Skip to main content

1994 isn’t just a number

It is a year of significance that held my attention for years after. I had completed a decade of my life and still not understood the meaning or purpose of examinations. Once after writing a paper on English Literature and finishing before time, I asked the invigilating authority (who happened to be a teacher of English Literature too) if I could read something in the time left. She had no objection and I dug out my battered green copy of The Adventures of Tom Sawyer. Tom and Huck were at it again—hunting for nooks to give shape to their rebellion, sometimes being hunted down themselves and at times finding company in Betty. Ah, even the 100th time of reading was exciting.
Not for the invigilator though. I was too engrossed in Tom and Betty getting lost in a cave to hear her call out. I heard her the 5th time though, “Roll number 2! You can’t read the text you’re being examined on!”Really? But I’ve already answered the paper, pretty well too, and I love this. There, I’ll submit my paper even. That didn’t quite work and I came out looking like I was cheating in an examination affecting a sense of guilt which I held on to for years, for a crime I hadn’t committed.
Oblivious to my own “hardship” were a people (in a land I hadn’t even heard of at the point) going through terrible persecution in the same year, only their experience ending with punishment of the sort taught to us through the Indian Central Board of Secondary Education to be heinous and unjust.Wait, isn’t punishment meted out when a crime has been committed and subsequently proved? Not if you let the armed forces handle justice, but the Indians didn’t tell us either about the Nagas or the Indian occupation of their land since 1955. Education in India is obviously not in sync with its politics and realities. In effect, we grew up learning imaginations, chemistry and math.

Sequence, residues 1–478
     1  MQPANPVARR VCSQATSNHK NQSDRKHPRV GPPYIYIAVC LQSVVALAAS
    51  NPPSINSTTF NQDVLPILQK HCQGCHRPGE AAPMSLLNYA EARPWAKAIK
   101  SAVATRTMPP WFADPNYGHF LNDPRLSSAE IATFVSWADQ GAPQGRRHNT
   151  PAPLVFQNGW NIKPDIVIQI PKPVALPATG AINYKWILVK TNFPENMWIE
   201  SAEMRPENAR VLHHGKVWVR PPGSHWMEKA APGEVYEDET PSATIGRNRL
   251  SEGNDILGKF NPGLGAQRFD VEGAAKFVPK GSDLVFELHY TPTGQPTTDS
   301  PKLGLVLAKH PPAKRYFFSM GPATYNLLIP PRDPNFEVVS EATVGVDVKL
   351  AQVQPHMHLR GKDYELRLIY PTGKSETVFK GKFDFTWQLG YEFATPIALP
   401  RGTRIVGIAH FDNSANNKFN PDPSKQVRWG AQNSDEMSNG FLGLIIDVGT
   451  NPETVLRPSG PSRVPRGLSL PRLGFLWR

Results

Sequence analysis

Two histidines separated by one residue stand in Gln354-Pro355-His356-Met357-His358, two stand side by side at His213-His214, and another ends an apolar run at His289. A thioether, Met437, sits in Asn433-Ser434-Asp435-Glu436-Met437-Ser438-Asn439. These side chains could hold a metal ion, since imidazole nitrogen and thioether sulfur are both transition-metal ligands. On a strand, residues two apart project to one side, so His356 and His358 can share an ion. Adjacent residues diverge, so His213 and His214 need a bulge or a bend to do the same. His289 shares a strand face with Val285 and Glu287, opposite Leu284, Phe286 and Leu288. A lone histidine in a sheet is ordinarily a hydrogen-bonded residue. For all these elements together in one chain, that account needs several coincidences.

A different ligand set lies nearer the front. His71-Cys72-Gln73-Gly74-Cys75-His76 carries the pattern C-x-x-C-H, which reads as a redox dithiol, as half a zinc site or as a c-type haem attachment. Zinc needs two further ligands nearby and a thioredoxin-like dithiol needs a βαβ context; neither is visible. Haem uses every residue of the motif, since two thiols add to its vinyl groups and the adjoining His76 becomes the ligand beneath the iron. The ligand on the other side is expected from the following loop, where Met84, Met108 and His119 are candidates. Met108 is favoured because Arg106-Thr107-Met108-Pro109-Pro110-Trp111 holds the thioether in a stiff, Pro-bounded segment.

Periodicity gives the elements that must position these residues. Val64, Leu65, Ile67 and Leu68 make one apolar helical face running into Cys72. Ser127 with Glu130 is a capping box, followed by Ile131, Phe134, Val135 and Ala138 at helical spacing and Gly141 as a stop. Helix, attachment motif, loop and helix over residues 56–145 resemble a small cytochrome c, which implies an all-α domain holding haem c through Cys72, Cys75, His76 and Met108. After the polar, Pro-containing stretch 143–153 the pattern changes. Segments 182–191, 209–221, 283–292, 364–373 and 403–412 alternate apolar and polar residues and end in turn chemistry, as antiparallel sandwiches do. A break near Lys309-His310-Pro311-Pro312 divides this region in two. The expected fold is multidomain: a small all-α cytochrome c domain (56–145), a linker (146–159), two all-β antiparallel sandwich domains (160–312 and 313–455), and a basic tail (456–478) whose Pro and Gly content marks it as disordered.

1994 is a significant year for the Nagas because its endre-marked proof that militarisation of their life was there to stay. The Indian army had decided to “punish” them on the suspicion of one of them being responsible for the death of a colonel. Ask the particular infantry to prove this and nothing will come of it. No matter what sparked this incident, what followed was unjustified.On 27th December 1994, a young government servant, Yangchid, was out shopping in the morning in Mokokchung town centre- the wedding and holiday season was on, people were out and about. By 10am the whole battalion of one Maratha Light Infantry had moved into the town centre. Wool was taken from shops that sold it, dipped in fuel and thrown into buildings to bring them down. People had no clue what was going on and made unsuccessful attempts to flee. Others shut themselves in shops hoping that would save them from the onslaught, only to find their shutters axed out and set on fire. Yangchid, on his part, hid on the roof of the shop he was in. His half-charred body, refrigerated by winter, was found only a month after the incident when the half-burnt building he hid in was brought down. The whole time his wife believed he had managed to escape the massacre, people sure in their disoriented belief that they’d seen him somewhere waiting for the right time to come back home from his fear.